Answer A) C5–C7
The image shows winging of the scapula, which is characteristic of long thoracic nerve injury.
The long thoracic nerve originates directly from the C5–C7 anterior spinal roots, enters the axillary cavity, and descends together with the lateral thoracic artery along the lateral surface of the thoracic cage.
In surgeries that require the patient to be in a prone position (e.g., spinal surgery), improper positioning of the arms can compress and injure this nerve. This injury leads to paralysis of the serratus anterior muscle, which manifests with medial winging of the scapula and weakened abduction of the shoulder above 90° (manifesting, e.g., during hair combing), as seen here.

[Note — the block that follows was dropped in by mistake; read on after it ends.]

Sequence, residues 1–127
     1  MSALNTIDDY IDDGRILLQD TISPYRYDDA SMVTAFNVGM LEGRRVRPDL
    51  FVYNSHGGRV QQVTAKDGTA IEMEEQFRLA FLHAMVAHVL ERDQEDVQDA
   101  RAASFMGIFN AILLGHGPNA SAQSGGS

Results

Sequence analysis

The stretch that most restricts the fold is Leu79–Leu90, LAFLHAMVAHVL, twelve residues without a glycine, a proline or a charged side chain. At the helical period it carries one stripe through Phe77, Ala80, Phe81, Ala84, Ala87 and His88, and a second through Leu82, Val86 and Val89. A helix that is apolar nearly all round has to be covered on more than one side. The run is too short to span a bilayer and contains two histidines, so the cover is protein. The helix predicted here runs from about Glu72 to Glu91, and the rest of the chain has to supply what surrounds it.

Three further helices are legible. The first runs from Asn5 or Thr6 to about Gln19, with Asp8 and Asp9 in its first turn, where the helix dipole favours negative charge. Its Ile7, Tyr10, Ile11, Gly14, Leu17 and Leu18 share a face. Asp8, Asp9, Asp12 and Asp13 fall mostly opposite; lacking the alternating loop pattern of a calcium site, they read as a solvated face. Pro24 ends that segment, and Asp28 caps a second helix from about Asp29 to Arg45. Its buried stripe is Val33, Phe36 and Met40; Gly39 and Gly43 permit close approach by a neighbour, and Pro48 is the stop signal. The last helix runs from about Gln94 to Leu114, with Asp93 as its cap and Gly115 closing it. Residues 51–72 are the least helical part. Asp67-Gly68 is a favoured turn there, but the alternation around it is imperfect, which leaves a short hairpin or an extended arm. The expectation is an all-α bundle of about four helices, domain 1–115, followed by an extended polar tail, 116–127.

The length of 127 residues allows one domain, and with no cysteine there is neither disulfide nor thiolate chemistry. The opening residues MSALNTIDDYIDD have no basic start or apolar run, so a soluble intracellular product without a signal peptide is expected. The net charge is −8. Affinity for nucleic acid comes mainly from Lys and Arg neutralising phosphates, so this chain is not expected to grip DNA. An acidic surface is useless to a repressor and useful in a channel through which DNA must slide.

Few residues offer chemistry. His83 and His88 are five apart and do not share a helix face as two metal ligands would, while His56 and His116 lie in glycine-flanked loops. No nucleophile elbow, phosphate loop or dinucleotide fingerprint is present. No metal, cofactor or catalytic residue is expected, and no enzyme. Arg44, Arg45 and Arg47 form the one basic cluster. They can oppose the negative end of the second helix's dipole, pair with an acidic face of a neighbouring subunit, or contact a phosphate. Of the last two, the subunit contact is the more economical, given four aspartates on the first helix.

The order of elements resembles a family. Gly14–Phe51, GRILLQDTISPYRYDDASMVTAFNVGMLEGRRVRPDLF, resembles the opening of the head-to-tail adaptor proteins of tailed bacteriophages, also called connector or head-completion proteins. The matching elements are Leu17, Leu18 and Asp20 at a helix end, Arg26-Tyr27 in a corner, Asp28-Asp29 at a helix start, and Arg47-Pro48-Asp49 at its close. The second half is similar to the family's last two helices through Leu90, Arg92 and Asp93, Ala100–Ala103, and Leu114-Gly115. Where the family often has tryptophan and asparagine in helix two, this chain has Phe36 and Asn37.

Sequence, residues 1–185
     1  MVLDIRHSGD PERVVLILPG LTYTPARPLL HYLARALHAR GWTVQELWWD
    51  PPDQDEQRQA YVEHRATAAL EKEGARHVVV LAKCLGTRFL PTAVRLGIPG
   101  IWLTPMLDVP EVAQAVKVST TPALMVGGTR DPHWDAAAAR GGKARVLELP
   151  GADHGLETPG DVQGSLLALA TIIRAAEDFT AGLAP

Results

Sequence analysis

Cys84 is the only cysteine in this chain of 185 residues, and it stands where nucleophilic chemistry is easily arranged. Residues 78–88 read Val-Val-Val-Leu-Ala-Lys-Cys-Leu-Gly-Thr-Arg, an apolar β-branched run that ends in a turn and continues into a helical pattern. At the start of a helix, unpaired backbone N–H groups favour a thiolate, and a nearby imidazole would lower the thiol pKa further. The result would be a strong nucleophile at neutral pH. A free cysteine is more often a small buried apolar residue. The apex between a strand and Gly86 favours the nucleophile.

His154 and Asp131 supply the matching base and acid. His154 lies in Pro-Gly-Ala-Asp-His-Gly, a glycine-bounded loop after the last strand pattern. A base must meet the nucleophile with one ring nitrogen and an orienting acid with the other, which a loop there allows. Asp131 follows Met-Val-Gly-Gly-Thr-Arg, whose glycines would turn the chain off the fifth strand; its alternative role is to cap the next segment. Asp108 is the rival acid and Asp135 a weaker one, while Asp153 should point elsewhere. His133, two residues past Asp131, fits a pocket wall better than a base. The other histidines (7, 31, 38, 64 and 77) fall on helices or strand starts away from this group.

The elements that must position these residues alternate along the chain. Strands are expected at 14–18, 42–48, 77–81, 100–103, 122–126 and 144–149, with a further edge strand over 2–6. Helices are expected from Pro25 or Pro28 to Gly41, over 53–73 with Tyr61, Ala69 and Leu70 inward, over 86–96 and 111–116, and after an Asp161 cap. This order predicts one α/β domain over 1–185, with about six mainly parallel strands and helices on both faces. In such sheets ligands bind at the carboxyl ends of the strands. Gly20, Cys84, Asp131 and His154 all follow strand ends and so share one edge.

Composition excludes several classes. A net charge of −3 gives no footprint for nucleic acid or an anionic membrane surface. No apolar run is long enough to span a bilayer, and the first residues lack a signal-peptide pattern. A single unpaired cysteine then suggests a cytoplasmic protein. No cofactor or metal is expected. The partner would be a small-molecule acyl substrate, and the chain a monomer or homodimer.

Further common causes of long thoracic nerve injury include invasive procedures (e.g., axillary lymph node dissection), direct trauma to the shoulder, and prolonged nerve compression (e.g., carrying a heavy backpack).